At the close of my article, "IQ Versus EQ," in the previous issue of Fleet Maintenance, I posed the question: Can EQ be learned? As the article explained, EQ (Emotional Quotient), or more simply, emotional intelligence, is often a stronger predictor of success on the job than IQ (Intelligence Quotient).
Most experts agree that EQ traits - such as empathy, concern, attunement, social cognition and managing frustrations - are innate and/or learned in a person’s formative years. Not surprisingly, much EQ research has focused on K-12 classrooms.
There has, however, been considerable research to suggest that adults can train to improve awareness and skills that strengthen EQ. In fact, says Dr. Dalip Singh in "Emotional Intelligence at Work," age and maturity are positively correlated with the ability to improve EQ.¹
In a 2009 study, Belgian researchers trained 19 students on how to better understand and handle their and others’ emotions. This training involved four weekly sessions lasting two-and-a-half hours each, plus homework.
The researchers also set up a control group of 18 people who were not trained.
The results of the study: "After training and a six-month follow-up, the training students, but not the control students, showed improvements in aspects of ‘trait’ emotional intelligence normally considered immutable, including improvement in emotion identification and emotion management (of self and others’ emotions). Surprisingly perhaps, ‘emotional understanding’ showed no improvement. ²
This would suggest that some, not all, aspects of EQ can be learned. While general "feelings" are often hereditary or developed at an early age, adults can be taught to recognize their own feelings and those of others. Recognition is often the key to heading off the negative and possibly destructive reactions to those feelings.
A simple training course may not be the answer, according to some experts. Organizational psychologist and professor Malcolm J. Higgs suggests that while EQ can be developed, "you can’t put a person through an EQ training course." This, he says, is because so much depends on the learner wanting to change and improve.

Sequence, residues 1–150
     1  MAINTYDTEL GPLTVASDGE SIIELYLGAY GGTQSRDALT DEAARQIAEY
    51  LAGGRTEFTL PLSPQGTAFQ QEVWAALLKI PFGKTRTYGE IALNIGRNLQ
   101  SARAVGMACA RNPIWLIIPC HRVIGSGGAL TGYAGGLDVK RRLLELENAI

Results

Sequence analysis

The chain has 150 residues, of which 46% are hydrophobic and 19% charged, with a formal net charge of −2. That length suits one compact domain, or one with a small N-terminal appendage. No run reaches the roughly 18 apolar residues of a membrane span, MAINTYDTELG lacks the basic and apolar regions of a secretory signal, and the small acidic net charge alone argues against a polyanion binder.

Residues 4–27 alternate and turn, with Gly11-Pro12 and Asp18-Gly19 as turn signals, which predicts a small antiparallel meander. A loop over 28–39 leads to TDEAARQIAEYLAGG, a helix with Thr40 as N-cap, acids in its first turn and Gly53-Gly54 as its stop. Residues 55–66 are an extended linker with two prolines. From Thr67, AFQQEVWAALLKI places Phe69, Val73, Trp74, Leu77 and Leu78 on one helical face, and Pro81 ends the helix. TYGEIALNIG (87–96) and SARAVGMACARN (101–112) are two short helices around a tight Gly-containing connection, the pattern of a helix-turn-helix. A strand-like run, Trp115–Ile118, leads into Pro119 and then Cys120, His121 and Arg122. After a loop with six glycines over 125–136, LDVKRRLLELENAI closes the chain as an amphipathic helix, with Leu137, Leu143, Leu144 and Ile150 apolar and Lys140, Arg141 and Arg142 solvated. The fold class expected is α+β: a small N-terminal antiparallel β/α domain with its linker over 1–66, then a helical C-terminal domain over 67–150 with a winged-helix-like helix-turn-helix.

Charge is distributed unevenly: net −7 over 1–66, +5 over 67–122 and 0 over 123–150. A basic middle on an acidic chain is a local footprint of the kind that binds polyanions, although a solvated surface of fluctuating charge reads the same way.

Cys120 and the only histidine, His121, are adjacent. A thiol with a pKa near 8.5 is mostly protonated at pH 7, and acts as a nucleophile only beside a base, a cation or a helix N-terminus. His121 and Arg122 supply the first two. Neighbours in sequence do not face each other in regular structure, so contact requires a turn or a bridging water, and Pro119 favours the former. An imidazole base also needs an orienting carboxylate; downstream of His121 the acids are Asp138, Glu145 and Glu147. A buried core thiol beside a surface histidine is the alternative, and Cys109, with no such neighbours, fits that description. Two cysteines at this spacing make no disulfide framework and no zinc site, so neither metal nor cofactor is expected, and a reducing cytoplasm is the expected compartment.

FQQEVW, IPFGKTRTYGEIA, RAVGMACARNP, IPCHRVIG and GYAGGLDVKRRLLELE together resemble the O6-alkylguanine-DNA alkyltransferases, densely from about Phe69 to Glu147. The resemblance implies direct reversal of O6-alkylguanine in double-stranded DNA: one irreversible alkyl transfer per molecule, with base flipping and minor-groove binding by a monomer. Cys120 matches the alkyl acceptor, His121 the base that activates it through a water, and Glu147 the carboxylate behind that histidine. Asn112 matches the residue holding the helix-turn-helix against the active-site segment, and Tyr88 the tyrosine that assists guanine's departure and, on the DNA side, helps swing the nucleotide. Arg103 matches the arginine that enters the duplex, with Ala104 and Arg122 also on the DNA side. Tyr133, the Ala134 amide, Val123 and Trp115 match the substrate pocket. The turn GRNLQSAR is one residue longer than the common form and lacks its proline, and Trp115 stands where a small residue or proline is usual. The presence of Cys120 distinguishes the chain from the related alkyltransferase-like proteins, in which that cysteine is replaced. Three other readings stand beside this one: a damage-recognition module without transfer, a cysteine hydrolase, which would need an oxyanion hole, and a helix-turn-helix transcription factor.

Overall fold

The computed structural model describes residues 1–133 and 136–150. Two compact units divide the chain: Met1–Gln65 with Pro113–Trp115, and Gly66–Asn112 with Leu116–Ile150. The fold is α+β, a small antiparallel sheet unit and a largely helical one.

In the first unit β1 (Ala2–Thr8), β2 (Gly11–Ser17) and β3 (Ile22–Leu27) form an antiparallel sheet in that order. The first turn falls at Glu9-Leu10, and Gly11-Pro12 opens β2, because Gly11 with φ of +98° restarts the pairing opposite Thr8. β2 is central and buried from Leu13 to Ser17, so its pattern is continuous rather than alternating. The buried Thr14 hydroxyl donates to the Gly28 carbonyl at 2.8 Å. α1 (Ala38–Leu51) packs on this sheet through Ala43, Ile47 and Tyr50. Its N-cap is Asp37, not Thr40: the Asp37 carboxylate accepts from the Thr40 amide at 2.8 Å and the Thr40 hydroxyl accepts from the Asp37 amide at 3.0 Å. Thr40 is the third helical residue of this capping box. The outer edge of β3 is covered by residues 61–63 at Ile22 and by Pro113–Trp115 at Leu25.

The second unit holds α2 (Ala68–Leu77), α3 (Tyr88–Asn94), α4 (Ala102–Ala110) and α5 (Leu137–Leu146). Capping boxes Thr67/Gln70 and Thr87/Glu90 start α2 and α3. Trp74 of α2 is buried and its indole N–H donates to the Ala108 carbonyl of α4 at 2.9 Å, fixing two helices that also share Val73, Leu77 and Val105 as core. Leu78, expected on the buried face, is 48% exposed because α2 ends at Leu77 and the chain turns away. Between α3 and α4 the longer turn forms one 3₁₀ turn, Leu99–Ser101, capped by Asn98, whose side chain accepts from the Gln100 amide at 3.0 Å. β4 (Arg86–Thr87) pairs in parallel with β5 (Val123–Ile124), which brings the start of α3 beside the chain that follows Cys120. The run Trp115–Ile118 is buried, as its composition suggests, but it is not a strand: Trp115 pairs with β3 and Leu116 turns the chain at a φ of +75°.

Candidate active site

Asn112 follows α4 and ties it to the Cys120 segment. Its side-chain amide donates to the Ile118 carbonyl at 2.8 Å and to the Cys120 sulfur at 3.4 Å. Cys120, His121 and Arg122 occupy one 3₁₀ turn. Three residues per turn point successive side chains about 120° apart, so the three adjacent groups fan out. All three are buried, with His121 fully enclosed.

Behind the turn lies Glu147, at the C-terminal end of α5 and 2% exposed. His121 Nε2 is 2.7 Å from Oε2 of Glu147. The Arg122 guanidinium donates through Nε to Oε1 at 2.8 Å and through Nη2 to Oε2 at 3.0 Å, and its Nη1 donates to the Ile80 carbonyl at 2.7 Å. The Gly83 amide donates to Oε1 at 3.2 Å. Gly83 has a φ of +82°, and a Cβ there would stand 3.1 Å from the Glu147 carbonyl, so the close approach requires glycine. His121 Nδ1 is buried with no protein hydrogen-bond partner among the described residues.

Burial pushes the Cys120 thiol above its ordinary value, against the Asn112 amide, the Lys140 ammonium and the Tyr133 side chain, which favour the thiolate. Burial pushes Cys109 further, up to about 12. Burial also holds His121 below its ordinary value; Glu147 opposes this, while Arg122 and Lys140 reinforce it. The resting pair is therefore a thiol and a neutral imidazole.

General awareness training can be a starting point. For example, EQ often deals with what makes a person angry, and how that person reacts to anger. "If you are angry, you can’t change being angry, but you can understand that you become irrational or deal badly with others when you are angry," says Higgs.
Most of the resulting EQ improvement, therefore, would depend on the individual working with his or her team or leaders and asking for feedback. Much of the "training" is then done on an individual basis, not in the classroom.³
To conclude, it appears that anywhere from a few, to many, of the facets that make up a person’s EQ can be developed through training, even in adulthood. But the development doesn’t end with training. An employee’s will to learn and improve is equally or more important.
¹ Singh, Dr. Dalip. "Emotional Intelligence at Work, Third Edition." © 2006, Response Books.
² Nelis, D., Quoidbach, J., Mikolajczak, M., & Hansenne, M. (2009). Study cited in "Increasing emotional intelligence: (How) is it possible?"
³ Higgs, Malcolm J., cited in "More than a feeling: Can EI be taught?" at trainingzone.co.uk.
Stephen Howe is employed as a field trainer by United Rentals, the world’s largest equipment rental company, with approximately 600 locations in North America and an a rental fleet worth more than $3.5 billion. He is a past president of the Automotive Training Managers Council - a global non-profit organization dedicated to sharing best practices and recognizing outstanding training in the automotive and heavy vehicle industries.